A 2024 legal decision will impact local control over existing wireless facilities
This summer, the U.S. Circuit Court of Appeals for the 9th Circuit heard oral arguments in a case challenging a 2020 Federal Communications Commission (FCC) Declaratory Ruling. The FCC adopted the declaratory ruling to speed up 5G cellular network deployment. However, the industry-friendly ruling further restricts cities’ control over additions and modifications to existing wireless facilities.
The League of California Cities and other city petitioners filed a lawsuit requesting a review of the declaratory ruling. League of California Cities, et al. v. Federal Communications Commission and United States of America alleges the FCC’s interpretations conflict with existing regulations, effectively resulting in unlawful amendments.
The 9th Circuit’s ruling — expected in early 2024 — could drastically impact how cities process requests for additions and modifications to existing wireless facilities moving forward.
Under Section 6409 of the federal Spectrum Act, a local government must ministerially approve “any eligible facilities request for a modification of an existing wireless tower or base station that does not substantially change the physical dimensions of such tower or base station” within 60 days. The law defines “eligible facilities request” as any request for the modification of an existing wireless tower or base station that involves the collocation of new transmission equipment, removal of transmission equipment, or replacement of transmission equipment.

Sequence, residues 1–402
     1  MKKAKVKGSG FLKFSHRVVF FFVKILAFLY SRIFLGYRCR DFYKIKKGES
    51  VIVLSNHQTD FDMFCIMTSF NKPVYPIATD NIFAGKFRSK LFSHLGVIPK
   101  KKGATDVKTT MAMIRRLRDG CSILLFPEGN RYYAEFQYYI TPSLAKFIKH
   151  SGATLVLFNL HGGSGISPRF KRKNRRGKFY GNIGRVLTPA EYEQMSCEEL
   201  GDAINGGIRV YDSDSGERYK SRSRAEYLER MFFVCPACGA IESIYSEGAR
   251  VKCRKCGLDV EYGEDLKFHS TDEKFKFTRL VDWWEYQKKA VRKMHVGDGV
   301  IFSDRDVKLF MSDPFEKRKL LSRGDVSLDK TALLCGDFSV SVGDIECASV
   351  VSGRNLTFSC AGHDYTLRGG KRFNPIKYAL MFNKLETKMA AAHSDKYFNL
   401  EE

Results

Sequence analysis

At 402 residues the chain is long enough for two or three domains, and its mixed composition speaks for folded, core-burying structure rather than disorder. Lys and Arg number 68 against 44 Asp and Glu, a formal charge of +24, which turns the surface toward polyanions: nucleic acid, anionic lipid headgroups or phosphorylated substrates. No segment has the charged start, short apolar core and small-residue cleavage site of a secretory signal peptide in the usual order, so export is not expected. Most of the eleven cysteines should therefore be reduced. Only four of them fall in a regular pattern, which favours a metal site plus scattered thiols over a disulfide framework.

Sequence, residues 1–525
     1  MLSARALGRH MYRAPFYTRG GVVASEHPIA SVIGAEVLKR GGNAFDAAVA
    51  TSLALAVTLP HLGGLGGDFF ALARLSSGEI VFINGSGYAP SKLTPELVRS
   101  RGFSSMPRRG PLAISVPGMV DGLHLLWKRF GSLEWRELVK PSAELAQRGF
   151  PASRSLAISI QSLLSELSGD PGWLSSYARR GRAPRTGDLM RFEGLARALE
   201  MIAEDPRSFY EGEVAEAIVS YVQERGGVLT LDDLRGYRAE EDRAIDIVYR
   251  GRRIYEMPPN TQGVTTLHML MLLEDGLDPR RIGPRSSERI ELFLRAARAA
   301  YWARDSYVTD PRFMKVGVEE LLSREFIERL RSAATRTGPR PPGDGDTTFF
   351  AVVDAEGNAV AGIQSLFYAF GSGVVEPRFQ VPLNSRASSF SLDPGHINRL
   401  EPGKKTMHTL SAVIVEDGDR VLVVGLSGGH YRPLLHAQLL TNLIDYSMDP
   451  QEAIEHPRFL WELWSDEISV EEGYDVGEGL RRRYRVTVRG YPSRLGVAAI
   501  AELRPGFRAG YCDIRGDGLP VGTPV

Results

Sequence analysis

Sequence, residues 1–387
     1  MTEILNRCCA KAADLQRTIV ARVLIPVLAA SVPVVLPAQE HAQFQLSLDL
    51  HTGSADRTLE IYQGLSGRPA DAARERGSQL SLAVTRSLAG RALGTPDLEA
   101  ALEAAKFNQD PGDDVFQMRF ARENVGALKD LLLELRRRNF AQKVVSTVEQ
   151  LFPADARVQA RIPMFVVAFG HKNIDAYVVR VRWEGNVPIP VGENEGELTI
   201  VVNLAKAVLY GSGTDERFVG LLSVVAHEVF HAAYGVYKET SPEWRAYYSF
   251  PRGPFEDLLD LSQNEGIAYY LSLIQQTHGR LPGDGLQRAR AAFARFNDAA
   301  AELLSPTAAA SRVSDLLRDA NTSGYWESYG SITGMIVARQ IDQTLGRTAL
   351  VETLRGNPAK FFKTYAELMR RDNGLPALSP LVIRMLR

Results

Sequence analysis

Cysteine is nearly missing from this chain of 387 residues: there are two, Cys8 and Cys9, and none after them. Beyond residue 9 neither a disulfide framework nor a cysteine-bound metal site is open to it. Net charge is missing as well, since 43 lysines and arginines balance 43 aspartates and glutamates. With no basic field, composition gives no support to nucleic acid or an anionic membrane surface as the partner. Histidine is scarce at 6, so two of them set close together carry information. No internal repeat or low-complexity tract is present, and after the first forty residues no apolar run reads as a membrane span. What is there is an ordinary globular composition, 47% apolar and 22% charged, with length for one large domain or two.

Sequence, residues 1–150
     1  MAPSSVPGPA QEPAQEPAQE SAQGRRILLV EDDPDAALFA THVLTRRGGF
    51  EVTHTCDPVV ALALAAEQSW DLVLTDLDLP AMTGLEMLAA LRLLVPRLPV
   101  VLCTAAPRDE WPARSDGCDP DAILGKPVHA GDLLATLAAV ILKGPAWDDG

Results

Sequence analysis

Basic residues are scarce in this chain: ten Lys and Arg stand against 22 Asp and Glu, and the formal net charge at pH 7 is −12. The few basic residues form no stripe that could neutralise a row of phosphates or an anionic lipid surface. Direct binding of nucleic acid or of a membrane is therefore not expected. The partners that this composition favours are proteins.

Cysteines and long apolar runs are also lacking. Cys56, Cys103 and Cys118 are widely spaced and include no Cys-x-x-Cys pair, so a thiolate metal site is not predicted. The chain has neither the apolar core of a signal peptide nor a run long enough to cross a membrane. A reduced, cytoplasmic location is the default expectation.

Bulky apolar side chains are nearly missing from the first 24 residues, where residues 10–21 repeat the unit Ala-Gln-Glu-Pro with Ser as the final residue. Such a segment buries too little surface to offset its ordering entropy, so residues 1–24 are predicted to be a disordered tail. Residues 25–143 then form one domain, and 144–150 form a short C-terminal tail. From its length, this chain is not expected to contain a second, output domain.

FCC regulations enacted in 2015 define what types of modifications “substantially change” the physical dimensions of an eligible support structure and therefore escape its streamlined review provision. The FCC characterized its 2020 declaratory ruling as “clarifying” these regulations to resolve differing interpretations from local governments and the wireless industry.
A regulatory agency like the FCC can adopt declaratory rulings clarifying its regulations, and courts generally defer to such interpretations. However, as non-legislative actions, the interpretations cannot legally modify or conflict with existing regulations. The rulings also cannot be arbitrary, capricious, or an abuse of the agency’s discretion.
The Cal Cities lawsuit alleges the FCC’s declaratory ruling exceeds these boundaries and is therefore invalid and entitled to no deference from the courts. The oral arguments focused on a few key areas of the regulation that will impact cities’ rights when reviewing requests for modifications to existing wireless facilities, as discussed below.